Fringe Review: ‘Children in the Mist, A Horror Opera’

“Children in the Mist.”

Children in the Mist, A Horror Opera, presented by the innovativi Riverbend Opera Company as part of the 2012 Capital Fringe Festival, is a puzzling mix: a contemporary opera that draws its plotline and mood from Stephen King’s short story, “The Mist.”

The opera opens with David Drayton (played by composer/librettist Sean Pflueger), his wife Stephanie (played by Sarah Powell), and their young son Billy (Henry Buckholtz) singing about a strange mist coming up over the sea toward their small Maine town.  At first, they find the mist beautiful, but they become puzzled that a mist can move so quickly, approaching closer and closer to land.  David and Billy leave Stephanie behind to run an errand to the town’s grocery store.  They greet the townspeople and are friendly to all.

The opera then quickly aligns itself to the King story.  As the mist reaches the town, many other people find themselves trapped in the store.  They discover there is something evil hiding in the mist: an evil that kills anything that tries to walk through it.

Pfleuger’s bass-baritone voice and that of mezzo Castrello are strong, beautiful and well worth the price of admission.

Eventually, the store patrons splinter into rival factions.  One, led by insane Mrs. Carmody (Castrello), believes they must repent their sins to God before the mist – the wrath of God – descends upon them.  Another, led by David, wants to fight against the mist and survive.  The two factions turn on each other, and a survival–of-the-fittest mentality overtakes the friendly neighborhood grocery store.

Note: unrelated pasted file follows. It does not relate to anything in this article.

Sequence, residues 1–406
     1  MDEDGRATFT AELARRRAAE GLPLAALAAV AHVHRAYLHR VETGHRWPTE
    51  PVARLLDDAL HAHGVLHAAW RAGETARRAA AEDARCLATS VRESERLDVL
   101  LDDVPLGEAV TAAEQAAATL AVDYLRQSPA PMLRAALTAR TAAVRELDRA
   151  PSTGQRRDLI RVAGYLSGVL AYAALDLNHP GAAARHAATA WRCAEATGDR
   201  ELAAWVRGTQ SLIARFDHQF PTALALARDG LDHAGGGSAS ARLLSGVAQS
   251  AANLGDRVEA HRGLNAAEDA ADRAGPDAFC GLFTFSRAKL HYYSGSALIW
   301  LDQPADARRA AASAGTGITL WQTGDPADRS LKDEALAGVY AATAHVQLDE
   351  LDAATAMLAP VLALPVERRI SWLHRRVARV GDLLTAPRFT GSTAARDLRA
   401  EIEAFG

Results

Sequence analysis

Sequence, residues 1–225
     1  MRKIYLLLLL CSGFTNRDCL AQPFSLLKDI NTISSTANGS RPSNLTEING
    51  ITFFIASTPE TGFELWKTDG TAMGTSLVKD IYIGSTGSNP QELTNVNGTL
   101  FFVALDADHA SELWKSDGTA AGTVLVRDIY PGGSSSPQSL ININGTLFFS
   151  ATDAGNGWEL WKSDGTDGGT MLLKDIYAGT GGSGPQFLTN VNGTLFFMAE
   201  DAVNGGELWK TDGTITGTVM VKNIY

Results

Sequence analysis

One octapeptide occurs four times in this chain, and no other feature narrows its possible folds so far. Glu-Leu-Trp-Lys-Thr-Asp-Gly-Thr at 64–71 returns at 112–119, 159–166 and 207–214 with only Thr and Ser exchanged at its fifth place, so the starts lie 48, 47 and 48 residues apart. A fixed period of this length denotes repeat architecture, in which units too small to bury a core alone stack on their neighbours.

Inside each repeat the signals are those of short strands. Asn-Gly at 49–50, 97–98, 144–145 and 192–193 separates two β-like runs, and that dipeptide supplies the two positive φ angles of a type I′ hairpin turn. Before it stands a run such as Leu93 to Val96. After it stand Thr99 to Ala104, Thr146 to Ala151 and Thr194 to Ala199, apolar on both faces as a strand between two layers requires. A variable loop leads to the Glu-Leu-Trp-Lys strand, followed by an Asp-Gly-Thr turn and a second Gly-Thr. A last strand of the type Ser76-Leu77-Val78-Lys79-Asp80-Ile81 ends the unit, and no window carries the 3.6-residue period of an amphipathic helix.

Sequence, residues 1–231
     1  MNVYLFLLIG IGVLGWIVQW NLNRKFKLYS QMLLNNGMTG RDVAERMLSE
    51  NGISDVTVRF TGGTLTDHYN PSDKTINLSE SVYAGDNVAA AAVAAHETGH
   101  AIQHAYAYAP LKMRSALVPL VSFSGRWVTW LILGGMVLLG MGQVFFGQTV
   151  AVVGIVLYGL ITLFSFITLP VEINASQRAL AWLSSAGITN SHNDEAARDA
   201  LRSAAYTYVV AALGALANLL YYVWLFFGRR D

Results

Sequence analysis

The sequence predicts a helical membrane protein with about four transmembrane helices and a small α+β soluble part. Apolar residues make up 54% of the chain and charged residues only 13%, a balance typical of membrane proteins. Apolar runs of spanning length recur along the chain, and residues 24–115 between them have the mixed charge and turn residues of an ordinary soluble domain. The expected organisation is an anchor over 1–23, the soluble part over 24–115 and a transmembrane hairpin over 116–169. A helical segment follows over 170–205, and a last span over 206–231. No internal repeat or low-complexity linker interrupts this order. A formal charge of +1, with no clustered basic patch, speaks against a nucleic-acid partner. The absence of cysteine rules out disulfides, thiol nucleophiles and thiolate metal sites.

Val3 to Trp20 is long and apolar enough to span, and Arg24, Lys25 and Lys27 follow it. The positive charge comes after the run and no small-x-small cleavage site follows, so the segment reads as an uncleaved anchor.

Children is something of a genre-bender, in that the dominant emotion in this opera is not love or hate but fear.  Fans of operatic singing can revel in the fine, contemporary musical score, which at times evokes the creepiness of King’s writing. Pfleuger’s bass-baritone voice and that of mezzo Castrello are strong, beautiful and well worth the price of admission.

Others may come away less satisfied by the production.  Children is firmly grounded in the conventions of opera, including melodrama that risks becoming comedic.  Those risks are heightened in this shortened version of the opera, staged specially for the Fringe.  There are occasional continuity issues.  The orchestra consists of only a piano and flute (beautifully played by Kayme Henkel and Bryan Lee/Gwyn Jones, respectively).  The set is sparse, the costumes are used L.L. Bean, and the special effects range from frustrating (no mist) to comical (a severed corpse with red duct tape for blood).

If you get scared, just cover your eyes.  Your ears will thank you.

Children in the Mist is playing at the Hispanic Gala Theatre in Washington D.C.

Advisory: Recommended for kids 13 and up.  Contains profanity.

Running Time:  90 minutes, with no intermission.

Performances have ended for Children in the Mist.

For more information about the Capital Fringe Festival click here.